Multiple Disabilities Classroom Strategies

| | posted on:Multiple Disability

Teachers in today’s schools teach children with disabilities along with the mainstream students. Strategies for instruction of all types of learning at the same time are imperative. Teachers must use a variety of techniques to reach students who learn best by seeing, hearing, writing, or all three.

  1. Know Your Students’ Capabilities

    • Know the types of students being taught. Note various disabilities of students that may need accommodation in how the classroom is arranged or how studying is conducted.

    Prepare Lessons in Many Ways

    • Prepare lessons incorporating all learning types. Lectures should be done with voice modulation, changing the tone, the volume or speed. Monotone lectures will not keep the attention of the ADHD student or the learning-disabled child. Keep things interesting. Keep the class integrated into discussions as much as possible.

    Use Visual Aids

    • Use chalk boards, overheads or handouts to back up any lectures and lessons. Giving many learning-disabled children the chance to “see” what is being taught will aid them greatly.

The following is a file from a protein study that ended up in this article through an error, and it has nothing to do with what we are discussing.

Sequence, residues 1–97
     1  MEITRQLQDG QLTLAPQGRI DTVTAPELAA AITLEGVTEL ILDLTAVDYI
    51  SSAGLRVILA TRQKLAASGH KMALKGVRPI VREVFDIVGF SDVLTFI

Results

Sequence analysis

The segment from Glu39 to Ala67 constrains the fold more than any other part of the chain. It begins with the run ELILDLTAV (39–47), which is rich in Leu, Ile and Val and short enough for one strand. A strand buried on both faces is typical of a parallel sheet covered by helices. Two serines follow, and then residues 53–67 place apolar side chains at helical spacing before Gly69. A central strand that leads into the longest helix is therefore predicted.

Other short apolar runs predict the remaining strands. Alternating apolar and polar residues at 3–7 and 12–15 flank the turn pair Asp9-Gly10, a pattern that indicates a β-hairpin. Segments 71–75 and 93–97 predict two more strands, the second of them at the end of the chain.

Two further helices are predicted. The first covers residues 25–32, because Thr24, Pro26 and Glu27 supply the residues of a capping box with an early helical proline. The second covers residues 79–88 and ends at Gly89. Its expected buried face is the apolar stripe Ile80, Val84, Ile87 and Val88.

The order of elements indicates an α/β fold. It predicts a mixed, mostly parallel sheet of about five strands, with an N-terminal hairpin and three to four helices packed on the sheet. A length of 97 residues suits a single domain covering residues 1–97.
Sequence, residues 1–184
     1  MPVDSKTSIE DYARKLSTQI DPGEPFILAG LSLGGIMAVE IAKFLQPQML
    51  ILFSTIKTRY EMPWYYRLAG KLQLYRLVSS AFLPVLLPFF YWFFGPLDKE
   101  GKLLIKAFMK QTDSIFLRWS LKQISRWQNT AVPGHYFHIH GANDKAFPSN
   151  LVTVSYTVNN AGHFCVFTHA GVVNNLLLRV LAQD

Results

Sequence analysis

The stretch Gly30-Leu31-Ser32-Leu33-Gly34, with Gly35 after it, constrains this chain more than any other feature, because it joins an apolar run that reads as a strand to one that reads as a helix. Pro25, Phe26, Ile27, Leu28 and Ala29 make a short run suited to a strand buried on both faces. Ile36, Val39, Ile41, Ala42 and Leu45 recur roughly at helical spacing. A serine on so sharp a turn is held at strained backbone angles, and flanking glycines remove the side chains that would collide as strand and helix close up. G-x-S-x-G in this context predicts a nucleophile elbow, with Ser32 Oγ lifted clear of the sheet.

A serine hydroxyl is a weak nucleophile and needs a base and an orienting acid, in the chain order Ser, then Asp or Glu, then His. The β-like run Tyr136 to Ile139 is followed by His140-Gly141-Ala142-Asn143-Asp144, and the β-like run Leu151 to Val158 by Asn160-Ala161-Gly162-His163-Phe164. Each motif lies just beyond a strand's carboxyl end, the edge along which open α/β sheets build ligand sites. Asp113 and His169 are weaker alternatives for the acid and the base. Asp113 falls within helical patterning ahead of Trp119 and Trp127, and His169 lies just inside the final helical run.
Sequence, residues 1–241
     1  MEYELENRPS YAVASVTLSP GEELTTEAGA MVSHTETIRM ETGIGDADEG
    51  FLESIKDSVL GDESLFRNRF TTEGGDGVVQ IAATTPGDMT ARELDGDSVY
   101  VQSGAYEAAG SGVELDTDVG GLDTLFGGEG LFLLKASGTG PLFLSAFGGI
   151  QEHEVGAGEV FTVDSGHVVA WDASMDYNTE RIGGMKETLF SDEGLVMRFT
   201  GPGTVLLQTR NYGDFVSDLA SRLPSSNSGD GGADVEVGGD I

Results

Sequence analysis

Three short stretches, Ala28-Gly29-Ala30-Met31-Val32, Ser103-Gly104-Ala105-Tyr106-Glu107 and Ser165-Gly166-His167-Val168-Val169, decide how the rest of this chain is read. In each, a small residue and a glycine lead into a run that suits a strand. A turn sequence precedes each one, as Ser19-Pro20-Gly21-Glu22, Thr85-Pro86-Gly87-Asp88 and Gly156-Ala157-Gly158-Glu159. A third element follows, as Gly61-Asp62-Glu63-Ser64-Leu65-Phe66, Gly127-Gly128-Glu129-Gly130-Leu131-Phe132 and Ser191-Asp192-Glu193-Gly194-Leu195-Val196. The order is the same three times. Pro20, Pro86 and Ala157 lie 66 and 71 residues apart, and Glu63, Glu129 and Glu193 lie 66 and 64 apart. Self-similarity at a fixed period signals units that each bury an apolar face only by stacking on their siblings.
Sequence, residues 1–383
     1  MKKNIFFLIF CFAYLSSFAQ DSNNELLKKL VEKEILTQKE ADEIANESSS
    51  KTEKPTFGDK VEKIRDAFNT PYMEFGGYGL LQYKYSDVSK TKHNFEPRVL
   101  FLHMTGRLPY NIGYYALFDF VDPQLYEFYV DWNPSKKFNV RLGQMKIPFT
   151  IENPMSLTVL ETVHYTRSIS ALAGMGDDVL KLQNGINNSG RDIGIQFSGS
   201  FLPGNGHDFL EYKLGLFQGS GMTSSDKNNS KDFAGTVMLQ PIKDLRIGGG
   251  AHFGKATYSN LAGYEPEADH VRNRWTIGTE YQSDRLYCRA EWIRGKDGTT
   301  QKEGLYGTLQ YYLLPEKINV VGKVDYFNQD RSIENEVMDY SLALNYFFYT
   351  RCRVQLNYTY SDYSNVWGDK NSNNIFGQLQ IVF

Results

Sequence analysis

Notes

    • Encourage note-taking. Be aware that many learning disabilities make note-taking extremely difficult. For those students or for all, as back-up information, give a copy of notes on paper for them to review. Don’t expect all students to be equal when it comes to listening and writing at the same time.

    Review Information

    • Review all information regularly. Go over yesterday’s notes and lectures before proceeding to new ones. Make eye contact with each student as much as possible. This will allow you to see whether each student understands, pays attention or is totally lost. This will also give the student more self-confidence as he feels he is not being singled out or left out.

    Communicate

    • Talk to the students as much as possible in one-on-one situations. Sometimes self-confidence can be boosted for a student just by her knowing that she is being thought of as an individual and that someone is taking the time to treat her as such. Self-confidence and self-esteem may make the difference between success and failure. Help the student as much as possible by being positive and noting things she does correctly.

ref more: Classroom Strategies for Multiple Disabilities | eHow.com

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